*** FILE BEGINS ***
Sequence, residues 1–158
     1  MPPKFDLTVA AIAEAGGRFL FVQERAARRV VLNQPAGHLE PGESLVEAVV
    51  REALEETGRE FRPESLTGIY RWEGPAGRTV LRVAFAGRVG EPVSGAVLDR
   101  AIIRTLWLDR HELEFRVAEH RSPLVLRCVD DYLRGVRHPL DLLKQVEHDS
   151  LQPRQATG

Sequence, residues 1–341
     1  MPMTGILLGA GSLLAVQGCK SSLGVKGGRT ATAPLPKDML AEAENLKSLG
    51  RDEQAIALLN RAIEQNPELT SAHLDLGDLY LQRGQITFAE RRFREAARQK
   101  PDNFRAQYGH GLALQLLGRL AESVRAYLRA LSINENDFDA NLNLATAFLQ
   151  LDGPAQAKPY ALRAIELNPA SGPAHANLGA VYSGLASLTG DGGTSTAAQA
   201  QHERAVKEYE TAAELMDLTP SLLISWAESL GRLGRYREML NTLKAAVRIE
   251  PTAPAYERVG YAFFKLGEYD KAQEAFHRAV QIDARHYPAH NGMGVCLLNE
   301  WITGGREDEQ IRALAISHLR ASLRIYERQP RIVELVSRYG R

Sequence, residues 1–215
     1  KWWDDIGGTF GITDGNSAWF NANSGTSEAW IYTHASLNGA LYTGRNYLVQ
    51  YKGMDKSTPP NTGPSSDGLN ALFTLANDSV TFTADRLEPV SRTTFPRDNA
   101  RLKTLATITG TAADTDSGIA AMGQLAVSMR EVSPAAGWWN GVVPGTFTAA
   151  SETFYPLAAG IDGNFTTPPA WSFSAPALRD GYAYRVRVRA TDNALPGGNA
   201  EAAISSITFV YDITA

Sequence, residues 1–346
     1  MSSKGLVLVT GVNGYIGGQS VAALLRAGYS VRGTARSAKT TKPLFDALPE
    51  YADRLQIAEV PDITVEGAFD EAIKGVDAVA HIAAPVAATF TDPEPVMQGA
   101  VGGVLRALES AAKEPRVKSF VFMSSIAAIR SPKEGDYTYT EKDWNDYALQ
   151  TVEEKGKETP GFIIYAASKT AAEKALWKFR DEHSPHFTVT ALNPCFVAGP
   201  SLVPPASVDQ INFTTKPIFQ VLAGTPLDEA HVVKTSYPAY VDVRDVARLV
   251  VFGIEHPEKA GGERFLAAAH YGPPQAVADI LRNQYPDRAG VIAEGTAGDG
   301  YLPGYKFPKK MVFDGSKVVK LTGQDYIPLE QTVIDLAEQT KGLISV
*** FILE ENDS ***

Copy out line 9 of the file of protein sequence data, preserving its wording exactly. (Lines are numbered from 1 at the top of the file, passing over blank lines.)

   101  PDNFRAQYGH GLALQLLGRL AESVRAYLRA LSINENDFDA NLNLATAFLQ